A division bench of the Supreme Court dismissed a Public Interest Litigation (PIL) petition on January 9 seeking to challenge the decision of Uttarakhand and Gujarat to constitute commissions to introduce and implement the Uniform Civil Code (UCC). The bench highlighted that Entry 5 in the concurrent list of the Seventh Schedule to the Constitution makes a mention of “marriage and divorce” and hence there could not be any objection to the formation of the committees by the state governments. Both the Union and states can make laws on subjects mentioned in the concurrent list.
The bench was presided over by Chief Justice of India D Y Chandrachud and Justice P S Narasimha. The petition was filed by Advocate Anoop Baranwal. “Extent of executive power of State Subject to the provisions of this Constitution, the executive power of a State shall extend to the matters with respect to which the Legislature of the State has the power to make laws”, the division bench opined.
The previous year on October 29, Home Minister Harsh Sanghavi had announced that the Gujarat Cabinet had decided to constitute a committee to assess all facets of enforcing UCC. The Constitution of a similar drafting committee also took place in the hill state of Uttarakhand last year. The committee was to prepare a report “to examine the relevant laws regulating personal civil matters of residents of the state and to prepare draft law/laws or suggest changes in existing laws on the subject that includes marriage, divorce, property rights, succession/inheritance, adoption, maintenance, custody and guardianship”. Chief Ministers of Himachal Pradesh and Assam, too had supported the UCC proposal.
Chief Minister Pushkar Singh Dhami stated that the five-member committee will be headed by retired Supreme Court judge Ranjana Desai, who currently heads the Delimitation Commission of India. Other members of the committee include retired Delhi High Court Judge Pramod Kohli, Ex-Chief Secretary of the State and 1983-batch IAS officer Shatrughan Singh, Doon University vice chancellor Surekha Dangwa, and Manu Gaur, another former chief secretary.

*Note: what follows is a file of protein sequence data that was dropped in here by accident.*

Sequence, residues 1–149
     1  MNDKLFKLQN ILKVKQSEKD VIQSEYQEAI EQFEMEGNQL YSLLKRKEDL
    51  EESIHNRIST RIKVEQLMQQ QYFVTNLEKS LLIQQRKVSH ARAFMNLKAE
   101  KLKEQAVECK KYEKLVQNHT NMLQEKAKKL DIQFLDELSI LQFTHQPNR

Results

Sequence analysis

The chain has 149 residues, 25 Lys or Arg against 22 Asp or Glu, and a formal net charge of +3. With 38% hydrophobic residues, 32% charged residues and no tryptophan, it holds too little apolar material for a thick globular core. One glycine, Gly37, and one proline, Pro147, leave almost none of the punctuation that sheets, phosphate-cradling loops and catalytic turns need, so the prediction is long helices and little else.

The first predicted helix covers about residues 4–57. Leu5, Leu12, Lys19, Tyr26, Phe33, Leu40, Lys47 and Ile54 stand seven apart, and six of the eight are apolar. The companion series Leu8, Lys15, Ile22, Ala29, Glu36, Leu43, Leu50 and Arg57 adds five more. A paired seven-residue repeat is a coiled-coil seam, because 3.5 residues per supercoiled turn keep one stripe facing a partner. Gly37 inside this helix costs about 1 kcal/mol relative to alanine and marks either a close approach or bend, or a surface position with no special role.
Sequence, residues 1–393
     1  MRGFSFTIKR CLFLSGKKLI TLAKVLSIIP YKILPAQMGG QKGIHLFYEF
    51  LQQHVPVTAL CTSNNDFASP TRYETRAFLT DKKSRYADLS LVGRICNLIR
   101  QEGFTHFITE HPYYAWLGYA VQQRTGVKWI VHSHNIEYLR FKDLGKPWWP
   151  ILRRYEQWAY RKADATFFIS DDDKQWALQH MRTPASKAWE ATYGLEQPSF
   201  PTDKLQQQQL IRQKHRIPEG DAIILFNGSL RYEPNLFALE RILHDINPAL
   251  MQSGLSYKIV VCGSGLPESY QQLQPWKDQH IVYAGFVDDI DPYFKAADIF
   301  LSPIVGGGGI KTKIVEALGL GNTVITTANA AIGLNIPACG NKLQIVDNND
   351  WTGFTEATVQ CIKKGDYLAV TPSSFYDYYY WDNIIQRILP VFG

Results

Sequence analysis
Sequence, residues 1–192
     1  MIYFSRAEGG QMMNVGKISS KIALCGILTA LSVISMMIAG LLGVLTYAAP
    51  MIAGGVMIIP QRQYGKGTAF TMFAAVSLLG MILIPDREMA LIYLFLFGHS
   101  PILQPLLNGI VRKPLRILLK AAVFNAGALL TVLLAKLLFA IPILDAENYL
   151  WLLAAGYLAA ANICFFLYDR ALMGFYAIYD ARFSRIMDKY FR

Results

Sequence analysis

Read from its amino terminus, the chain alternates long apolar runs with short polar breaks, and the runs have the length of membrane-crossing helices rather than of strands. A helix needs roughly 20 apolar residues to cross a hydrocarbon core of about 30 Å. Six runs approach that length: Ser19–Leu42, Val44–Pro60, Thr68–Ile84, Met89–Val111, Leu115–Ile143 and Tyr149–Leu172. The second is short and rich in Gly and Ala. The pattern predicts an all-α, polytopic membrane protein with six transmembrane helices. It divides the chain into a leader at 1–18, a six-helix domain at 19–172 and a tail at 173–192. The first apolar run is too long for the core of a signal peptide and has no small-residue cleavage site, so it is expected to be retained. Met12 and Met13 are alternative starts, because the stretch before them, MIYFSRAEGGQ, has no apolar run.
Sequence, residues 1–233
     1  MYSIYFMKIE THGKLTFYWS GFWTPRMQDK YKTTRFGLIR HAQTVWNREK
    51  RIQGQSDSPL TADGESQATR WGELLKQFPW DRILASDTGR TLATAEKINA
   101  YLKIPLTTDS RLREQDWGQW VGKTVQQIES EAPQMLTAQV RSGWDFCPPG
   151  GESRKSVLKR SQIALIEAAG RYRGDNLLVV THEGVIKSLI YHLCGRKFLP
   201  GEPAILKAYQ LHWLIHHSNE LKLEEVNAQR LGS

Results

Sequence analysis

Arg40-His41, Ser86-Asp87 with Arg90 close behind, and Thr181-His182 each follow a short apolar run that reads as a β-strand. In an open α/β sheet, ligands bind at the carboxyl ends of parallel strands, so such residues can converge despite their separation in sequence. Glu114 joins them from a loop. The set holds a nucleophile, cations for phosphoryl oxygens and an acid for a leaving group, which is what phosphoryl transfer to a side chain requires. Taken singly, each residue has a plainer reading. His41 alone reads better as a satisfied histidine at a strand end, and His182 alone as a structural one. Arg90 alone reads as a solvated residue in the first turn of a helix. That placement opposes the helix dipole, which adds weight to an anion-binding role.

In October 2022, the Centre told the Supreme Court that the matter would be placed before the 22nd Law Commission. In this matter, Advocate Ashwini Upadhyay had filed a petition seeking uniformity in laws governing matters of divorce, succession and inheritance and adoption and guardianship for all, irrespective of gender and religion. In its response, the centre said that the people of different religions and different denominations following separate property and matrimonial laws is an “affront to the National Unity”.
Directing towards the constitutional importance of the matter, the centre informed the Supreme Court that it has already referred the matter to the 22nd Law Commission that has already been instituted but waiting for the appointments of the chairman and other members. It requested the law commission to “undertake the examination of various issues relating to Uniform Civil Code and to make recommendations thereof.”
Additionally in December last year, the Kerala High Court stated in Anup Disalva & Anr. vs. Union of India, that the Union Government should seriously consider having a uniform marriage code in India to promote the common welfare and good of spouses in matrimonial disputes. “In a secular country, the legal paternalistic approach should be on the common good of the citizens rather than based on religion. The State’s concern must be to promote the welfare and good of its citizens, and religion has no place in identifying the common good,” said the court.
The aim of the Uniform Civil Code or UCC is to provide one law for all religious communities governing the issues of marriage, adoption, inheritance, and divorce, among others. It aims to abolish the varied personal laws that are regarded as one of the pillars of constitutional diversity. Presently, different religions have their own set of personal laws. These laws include the Hindu Marriage Act, Hindu Succession Act, Indian Christian Marriages Act, Indian Divorce Act, and Parsi Marriage and Divorce Act.
Article 44 of the Indian Constitution outlines that the state will take endeavour to enforce a UCC across territories of the country. However, it is important to note that Article 44 is part of the Directive Principles, which means it is not enforceable by a court of law. At the same time, fundamental rights are justiciable and can be enforced by the courts. The framing of directive principles is such that it mentions phrases like “in particular strive”; “shall in particular direct its policy”; “shall be the obligation of the state”, implying that it is a policy-level obligation, not a judicial matter for inference. However, while Article 43 notes, “state shall endeavour by suitable legislation”, Article 44 does not contain the suitable legislation portion, making it not absolutely compulsive on the legislature as such.